There are a few tips to prevent common distracted driving habits.

  • Finish getting ready before you enter the car

  • Avoid bringing any food and drinks into the car

  • Keep your phone out of reach

  • Turn on Do Not Disturb when driving on your phone

  • Make sure all passengers are secure to avoid reaching into the back seat

  • If you are faced with an emergency, pull over and take care of it

Distracted driving ruthlessly claims 3,500 lives a day. To decrease the number of people driving distractedly, it is essential to educate everyone about the effects this behavior can have. By following the tips listed above, everyone can do their part to protect the safety of themselves and others. Using these tips will reduce the number of accidents and will ultimately save the lives of many.



Educational Content

Q: What are the three types of distractions when driving?

A: There are three major types of distractions when driving: visual, manual, and cognitive. A visual distraction is anything that takes your eyes off the road. Examples of this include reading texts, doing makeup, or even utilizing a GPS. A manual distraction is anything that takes your hands off the wheel, and examples of this are eating food, drinking soda, or texting your friend. Lastly, there are cognitive distractions, which are distractions leading to our brain not focusing on the road, such as a thinking about a difficult test at school, discussing with another passenger, or even daydreaming about your spring break vacation.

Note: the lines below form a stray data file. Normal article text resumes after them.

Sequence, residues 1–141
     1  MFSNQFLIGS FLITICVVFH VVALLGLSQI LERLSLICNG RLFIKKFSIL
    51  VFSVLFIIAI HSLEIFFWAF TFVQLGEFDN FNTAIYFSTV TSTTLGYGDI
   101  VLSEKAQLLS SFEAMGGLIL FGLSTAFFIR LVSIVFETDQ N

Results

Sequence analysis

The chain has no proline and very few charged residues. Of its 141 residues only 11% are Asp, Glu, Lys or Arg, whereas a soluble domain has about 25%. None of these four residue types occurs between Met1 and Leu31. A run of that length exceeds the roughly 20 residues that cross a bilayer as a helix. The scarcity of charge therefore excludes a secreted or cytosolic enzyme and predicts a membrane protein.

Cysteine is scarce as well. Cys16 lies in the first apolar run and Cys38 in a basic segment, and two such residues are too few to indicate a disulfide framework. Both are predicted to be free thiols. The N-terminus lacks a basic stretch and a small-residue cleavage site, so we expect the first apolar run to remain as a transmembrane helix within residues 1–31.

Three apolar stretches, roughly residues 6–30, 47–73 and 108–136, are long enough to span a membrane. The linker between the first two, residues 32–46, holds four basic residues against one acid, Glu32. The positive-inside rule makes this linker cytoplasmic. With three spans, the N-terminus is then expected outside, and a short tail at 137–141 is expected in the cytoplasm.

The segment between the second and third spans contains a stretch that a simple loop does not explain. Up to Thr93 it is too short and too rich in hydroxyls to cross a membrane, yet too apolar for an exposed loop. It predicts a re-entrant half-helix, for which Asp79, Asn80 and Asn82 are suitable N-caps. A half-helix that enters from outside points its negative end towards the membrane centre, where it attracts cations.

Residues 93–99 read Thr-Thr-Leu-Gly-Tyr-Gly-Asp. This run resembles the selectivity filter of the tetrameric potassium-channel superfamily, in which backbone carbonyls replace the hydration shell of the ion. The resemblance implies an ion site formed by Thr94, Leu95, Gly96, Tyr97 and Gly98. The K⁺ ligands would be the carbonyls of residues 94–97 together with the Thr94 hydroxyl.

Q: What are some tips to avoid distracted driving?

A: There are a few tips to prevent common distracted driving habits.

  • Finish getting ready before you enter the car

  • Avoid bringing any food and drinks into the car

  • Keep your phone out of reach

  • Turn on Do Not Disturb when driving on your phone

  • Make sure all passengers are secure to avoid reaching into the back seat

  • If you are faced with an emergency, pull over and take care of it





Citations

https://www.cdc.gov/motorvehiclesafety/distracted_driving/index.html


https://exchange.aaa.com/safety/distracted-driving/tips-for-preventing-distracted-driving/#.X22eWGhKiUk


https://drivewithcarrot.ca/blog/what-does-distracted-driving-do-your-brain


https://www.pulseprotects.com/learn-how-distracted-driving-affects-the-brain/#:~:text=Cognitive%20Effects,or%20reason%2C%20may%20be%20affected.


https://pricebenowitz.com/resource-center/distracted-driving/types/


Image Credit:

Public domain, https://unsplash.com/photos/siJKL6V3Zbo